"It was amazing," he said "You could sink up to your knees."
They were in a 40 mph "breeze" that swept in fog that obscured the area to the point is all looked the same flat in all directions.
But the area, at about 1,000 feet in elevation, is not all level. It is rudely interrupted by a 1,000-foot ridge, scarred by 64 airplane crashes that occurred between World War II and the 1960s. The team followed debris trails of B-17 and B-24 bombers and two British jet fighters that were apparently unprepared for the sudden elevation change.
Similarities Back Home
Marmor has responded to aircraft crashes in the Wallowas. In June 1999, he coordinated an S&R team to assist in recovery of two Civil Air Patrol pilots' bodies near Red's Horse Ranch. A story the following April had a better ending. Two men walked away from a crash near a remote landing strip north of Promise.
Marmor has been in charge of emergency management since 1996, when the late sheriff Roger Decker passed the baton to him.
Since then, Marmor has juggled his emergency management responsibilities with his law enforcement duties. On July 1, he became the full-time manager of the Emergency Management Program established in 1976.
Marmor had started in 1993 as a county corrections deputy. Prior to that he worked five years for the U.S. Forest Service between Idaho's Nez Perce and Oregon's Wallowa-Whitman national forests. He holds a resource management degree from the State University of New York.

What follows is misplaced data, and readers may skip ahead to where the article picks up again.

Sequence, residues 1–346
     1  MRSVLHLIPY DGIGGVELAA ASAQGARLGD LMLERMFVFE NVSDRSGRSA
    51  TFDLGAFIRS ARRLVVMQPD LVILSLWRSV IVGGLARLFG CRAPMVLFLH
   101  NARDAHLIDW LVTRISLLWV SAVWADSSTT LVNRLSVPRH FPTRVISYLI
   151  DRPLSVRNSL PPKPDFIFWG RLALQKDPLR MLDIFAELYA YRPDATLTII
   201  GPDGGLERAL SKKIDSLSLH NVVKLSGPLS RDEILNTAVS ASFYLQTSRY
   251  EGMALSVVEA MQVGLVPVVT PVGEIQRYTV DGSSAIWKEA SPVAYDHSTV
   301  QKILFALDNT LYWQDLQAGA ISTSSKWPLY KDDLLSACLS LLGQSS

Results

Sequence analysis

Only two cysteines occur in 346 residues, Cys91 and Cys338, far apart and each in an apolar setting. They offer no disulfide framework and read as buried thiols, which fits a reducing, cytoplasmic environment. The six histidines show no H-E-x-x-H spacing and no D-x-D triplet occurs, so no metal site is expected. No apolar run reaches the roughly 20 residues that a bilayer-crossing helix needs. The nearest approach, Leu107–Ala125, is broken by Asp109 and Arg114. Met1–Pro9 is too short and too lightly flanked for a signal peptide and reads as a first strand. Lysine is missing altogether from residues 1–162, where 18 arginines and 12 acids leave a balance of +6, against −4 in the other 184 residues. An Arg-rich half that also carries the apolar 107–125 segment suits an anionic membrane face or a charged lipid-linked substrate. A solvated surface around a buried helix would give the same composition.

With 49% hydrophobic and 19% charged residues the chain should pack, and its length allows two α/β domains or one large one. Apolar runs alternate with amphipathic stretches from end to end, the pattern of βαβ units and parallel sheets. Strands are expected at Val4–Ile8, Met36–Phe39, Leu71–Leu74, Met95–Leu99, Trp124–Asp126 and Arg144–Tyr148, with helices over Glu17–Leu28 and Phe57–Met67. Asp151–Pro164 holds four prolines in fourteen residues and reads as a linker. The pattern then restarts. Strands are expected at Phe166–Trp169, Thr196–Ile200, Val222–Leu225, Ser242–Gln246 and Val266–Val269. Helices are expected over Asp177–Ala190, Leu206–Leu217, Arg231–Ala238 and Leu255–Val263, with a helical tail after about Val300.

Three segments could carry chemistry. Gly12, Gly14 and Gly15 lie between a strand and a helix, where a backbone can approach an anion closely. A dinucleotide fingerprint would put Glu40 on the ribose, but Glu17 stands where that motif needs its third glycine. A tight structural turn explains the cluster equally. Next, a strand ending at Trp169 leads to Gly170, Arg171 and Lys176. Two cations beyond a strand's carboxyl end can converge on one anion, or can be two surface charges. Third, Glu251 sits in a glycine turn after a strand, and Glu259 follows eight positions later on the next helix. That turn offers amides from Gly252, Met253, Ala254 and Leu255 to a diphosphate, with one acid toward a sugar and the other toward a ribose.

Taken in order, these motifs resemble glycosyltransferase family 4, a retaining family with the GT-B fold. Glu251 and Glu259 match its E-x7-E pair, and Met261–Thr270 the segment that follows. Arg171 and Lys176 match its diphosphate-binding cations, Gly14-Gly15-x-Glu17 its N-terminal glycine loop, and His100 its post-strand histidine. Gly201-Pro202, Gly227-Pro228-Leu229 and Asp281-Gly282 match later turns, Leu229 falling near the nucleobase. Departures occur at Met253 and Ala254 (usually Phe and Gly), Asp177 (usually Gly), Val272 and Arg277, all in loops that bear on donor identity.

Phone Booth Library
It has been said that Wallowa County would be as big as Texas "if all the wrinkles were ironed out."
The emergency response for all that wide-open space is coordinated from Marmor's small, cramped office, tucked away in the courthouse basement. The space is stacked to the ceiling and bulging with information. Its tight fit feels like a library crammed into a phone booth.
Information is key, said Marmor. Triaging incoming data, he sorts some 20 e-mails a day on his computer. "Disaster Preparedness" has been the latest hot topic since 9/11.
Marmor, though, is not restricted to a cubby hole. With the modern technology of his palm pilot, a cell phone and a calling card, he can direct an emergency response from any location.